The Melancholy Song of a Midnight Robin -

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The Melancholy Song of a Midnight Robin

Marion's Wildlife Notes
The redbreast warbles still but is content
With slender notes and more than half suppressed:
Pleased with his solitude
William Cowper

Its the middle of winter and a robin has been regularly singing a rather wispy song in the midnight hours outside my flat. The flat's in a truly urban setting with a constant orange glow from street lamps and on­off security lights that respond to windblown branches and happy laughing students, returning to their beds! But my robin (and others like him) must be using valuable energy on what seems of little use.

Quite possibly its down to a mix of factors. Robins were originally a woodland species. As such they don't mind poor light and are happy for example, singing from a shadey perch deep within a tree. In rural settings they're also one of the first birds to start the spring dawn chorus. In addition unlike many birds, they sing in winter daylight hours to defend their territories. This winter song (as acknowledged by Cowper) is far more wistful and melancholic, than their more energectic spring time notes. Even given their origins and normal behaviour though, it still doesn't explain singing in the “dead” of night!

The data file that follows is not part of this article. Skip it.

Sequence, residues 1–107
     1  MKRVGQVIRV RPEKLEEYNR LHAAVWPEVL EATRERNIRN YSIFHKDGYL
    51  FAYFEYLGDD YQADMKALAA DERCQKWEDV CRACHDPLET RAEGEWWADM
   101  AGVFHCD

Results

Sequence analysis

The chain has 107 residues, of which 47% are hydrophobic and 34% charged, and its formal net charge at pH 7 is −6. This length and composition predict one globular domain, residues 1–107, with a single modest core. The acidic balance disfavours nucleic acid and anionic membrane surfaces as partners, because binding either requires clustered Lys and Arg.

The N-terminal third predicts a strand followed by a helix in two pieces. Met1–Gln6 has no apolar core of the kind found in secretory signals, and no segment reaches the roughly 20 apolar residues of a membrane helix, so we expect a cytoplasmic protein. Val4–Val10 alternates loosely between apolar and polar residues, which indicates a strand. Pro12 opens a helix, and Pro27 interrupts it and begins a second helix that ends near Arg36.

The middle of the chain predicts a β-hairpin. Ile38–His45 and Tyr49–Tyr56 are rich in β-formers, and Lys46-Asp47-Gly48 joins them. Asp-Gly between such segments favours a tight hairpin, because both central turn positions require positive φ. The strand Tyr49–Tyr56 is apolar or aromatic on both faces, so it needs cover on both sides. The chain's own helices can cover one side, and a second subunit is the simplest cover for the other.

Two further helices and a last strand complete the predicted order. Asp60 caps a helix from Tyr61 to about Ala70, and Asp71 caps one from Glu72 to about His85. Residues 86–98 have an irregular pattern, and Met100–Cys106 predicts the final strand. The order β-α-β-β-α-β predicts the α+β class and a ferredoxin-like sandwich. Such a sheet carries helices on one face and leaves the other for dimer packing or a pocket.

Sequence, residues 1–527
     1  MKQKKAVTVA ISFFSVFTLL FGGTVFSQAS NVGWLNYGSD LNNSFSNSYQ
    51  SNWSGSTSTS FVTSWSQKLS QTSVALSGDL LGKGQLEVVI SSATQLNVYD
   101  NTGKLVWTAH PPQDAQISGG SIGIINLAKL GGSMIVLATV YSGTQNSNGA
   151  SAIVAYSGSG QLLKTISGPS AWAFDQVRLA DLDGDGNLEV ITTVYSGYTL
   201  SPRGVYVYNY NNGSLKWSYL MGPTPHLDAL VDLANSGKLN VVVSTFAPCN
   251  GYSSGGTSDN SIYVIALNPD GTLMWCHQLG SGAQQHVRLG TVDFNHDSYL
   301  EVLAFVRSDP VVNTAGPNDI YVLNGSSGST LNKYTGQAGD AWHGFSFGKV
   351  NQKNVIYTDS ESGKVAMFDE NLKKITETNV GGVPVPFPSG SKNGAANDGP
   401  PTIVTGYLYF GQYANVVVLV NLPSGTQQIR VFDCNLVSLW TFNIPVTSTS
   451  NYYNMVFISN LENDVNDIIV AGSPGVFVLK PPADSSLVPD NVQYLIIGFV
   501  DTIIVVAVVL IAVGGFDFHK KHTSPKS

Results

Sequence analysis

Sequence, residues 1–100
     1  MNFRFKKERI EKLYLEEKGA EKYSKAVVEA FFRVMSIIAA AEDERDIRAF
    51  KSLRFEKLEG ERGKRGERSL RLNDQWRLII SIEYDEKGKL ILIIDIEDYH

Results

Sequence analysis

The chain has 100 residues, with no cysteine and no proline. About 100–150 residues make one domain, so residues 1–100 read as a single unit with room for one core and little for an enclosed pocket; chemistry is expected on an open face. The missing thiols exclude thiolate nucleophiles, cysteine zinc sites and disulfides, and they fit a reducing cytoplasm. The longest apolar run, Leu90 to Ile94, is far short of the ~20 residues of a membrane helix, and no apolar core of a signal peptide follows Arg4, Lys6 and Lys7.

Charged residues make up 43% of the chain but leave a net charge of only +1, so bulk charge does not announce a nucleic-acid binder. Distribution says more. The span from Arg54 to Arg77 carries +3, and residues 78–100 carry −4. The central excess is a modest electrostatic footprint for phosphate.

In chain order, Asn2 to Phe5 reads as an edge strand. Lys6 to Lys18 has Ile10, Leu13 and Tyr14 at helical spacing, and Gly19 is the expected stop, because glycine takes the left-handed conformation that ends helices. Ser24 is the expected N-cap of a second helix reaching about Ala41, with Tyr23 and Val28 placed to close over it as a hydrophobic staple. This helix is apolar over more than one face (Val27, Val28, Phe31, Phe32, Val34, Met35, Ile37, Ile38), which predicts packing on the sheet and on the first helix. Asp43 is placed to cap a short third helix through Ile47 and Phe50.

Urban areas tend to be quieter at night, with much less traffic noise. Research in Sheffield, suggested this quieter time was likely to be stimulating robins to sing at night. But research in 2014, in southern Germany has thrown this into doubt. There a study of 6 common songbird species (including robins), found the start of dawn singing was influenced by artificial lighting and not less traffic noise. Even there though, robins only sang on average 20 minutes earlier than usual, and not several hours early!

Interestingly the German study seems not to have considered the effect of security lights as well. Is it possible that my robin having found a reliable food source and plenty of cover, he (or it may indeed be a she) is stimulated by security lights, as well as street lighting, to expend more energy in protecting it, by both day and night? The nearby main road is also considerably less busy at night! More research needed perhaps??

January 2015
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